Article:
Early research seems promising. Further research is necessary before a recommendation can be made.
Chronic obstructive pulmonary disease (COPD)
A combination of acupressure and massage may reduce dyspnea (labored breathing) and anxiety in patients with chronic obstructive pulmonary disease who use prolonged mechanical ventilatory support. Further study of acupressure alone is needed before a recommendation can be made.
Several studies suggest that fatigue and depressive mood may improve with acupressure therapy. Further research is necessary to confirm these findings.
Preliminary evidence suggests that acupressure may be a helpful adjunct therapy to assist with the prevention of relapse, withdrawal, or dependence. Further research is necessary to confirm these findings before a firm conclusion can be reached.
Dyspnea (shortness of breath)
A small study of patients undergoing pulmonary rehabilitation reported acupressure to be beneficial for decreasing dyspnea. Larger, well-designed studies are needed before clear conclusions can be drawn.
Preliminary evidence suggests that acupressure may help epileptic seizures among children. Further research is needed to confirm these results.
Preliminary research reports that ear acupressure may reduce muscle fatigue and lactic acid production, thereby possibly improving athletic performance. Additional research is necessary before a firm conclusion can be drawn.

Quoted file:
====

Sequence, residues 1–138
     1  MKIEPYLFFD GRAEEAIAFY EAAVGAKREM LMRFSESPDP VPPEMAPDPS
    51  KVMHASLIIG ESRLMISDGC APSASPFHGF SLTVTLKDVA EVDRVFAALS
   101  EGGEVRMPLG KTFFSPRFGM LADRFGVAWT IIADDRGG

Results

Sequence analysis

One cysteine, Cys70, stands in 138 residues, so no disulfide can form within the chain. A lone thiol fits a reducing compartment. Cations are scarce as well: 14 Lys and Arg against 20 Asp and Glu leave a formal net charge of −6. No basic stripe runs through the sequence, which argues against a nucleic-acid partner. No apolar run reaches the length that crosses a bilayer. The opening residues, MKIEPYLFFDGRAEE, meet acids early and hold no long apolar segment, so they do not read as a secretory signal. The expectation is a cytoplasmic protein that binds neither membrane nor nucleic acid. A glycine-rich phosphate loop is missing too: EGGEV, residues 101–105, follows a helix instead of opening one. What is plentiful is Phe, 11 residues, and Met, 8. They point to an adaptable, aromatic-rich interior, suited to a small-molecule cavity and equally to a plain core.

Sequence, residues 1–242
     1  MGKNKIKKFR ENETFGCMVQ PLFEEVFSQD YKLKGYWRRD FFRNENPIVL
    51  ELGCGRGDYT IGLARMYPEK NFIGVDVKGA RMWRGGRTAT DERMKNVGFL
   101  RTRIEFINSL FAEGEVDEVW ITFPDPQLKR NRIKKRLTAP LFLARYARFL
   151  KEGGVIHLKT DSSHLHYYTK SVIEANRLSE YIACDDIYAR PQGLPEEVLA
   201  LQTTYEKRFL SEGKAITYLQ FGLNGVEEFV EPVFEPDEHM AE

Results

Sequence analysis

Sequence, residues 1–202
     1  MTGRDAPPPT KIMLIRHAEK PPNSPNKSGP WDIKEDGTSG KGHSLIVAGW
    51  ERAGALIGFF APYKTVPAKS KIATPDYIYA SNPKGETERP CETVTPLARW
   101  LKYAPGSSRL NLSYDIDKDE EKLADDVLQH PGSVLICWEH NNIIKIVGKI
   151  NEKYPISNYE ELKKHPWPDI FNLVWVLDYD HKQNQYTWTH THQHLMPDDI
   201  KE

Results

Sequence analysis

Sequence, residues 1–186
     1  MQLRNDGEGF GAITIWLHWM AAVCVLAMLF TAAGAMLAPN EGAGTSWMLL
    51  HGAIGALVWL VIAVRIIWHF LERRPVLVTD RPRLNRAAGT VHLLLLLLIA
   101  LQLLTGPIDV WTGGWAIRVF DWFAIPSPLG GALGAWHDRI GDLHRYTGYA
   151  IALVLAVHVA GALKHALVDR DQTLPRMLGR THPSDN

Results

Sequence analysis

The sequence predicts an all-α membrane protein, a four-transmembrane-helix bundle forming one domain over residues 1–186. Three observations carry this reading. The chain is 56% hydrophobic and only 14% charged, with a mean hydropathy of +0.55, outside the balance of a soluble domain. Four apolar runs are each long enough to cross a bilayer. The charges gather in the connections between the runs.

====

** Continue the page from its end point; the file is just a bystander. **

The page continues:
There is preliminary positive evidence from one small study in this area. Further research is needed before a clear recommendation can be made.
A small study suggests acupressure may improve gastrointestinal motility. Additional research is necessary before a firm conclusion can be drawn.
Self-administered acupressure is reported to help tension or migraine headaches in early studies. More research is needed before a recommendation can be made.
High blood pressure
Small studies in men and women report that acupressure may reduce blood pressure. Study results on the effect of acupressure on heart rate have yielded mixed results. Large, well-designed studies are needed before conclusions can be drawn.
One study reports that LI4 and BL67 acupressure may reduce labor pain specifically during the first stage of labor. Further study is needed before a recommendation can be made.
Low back pain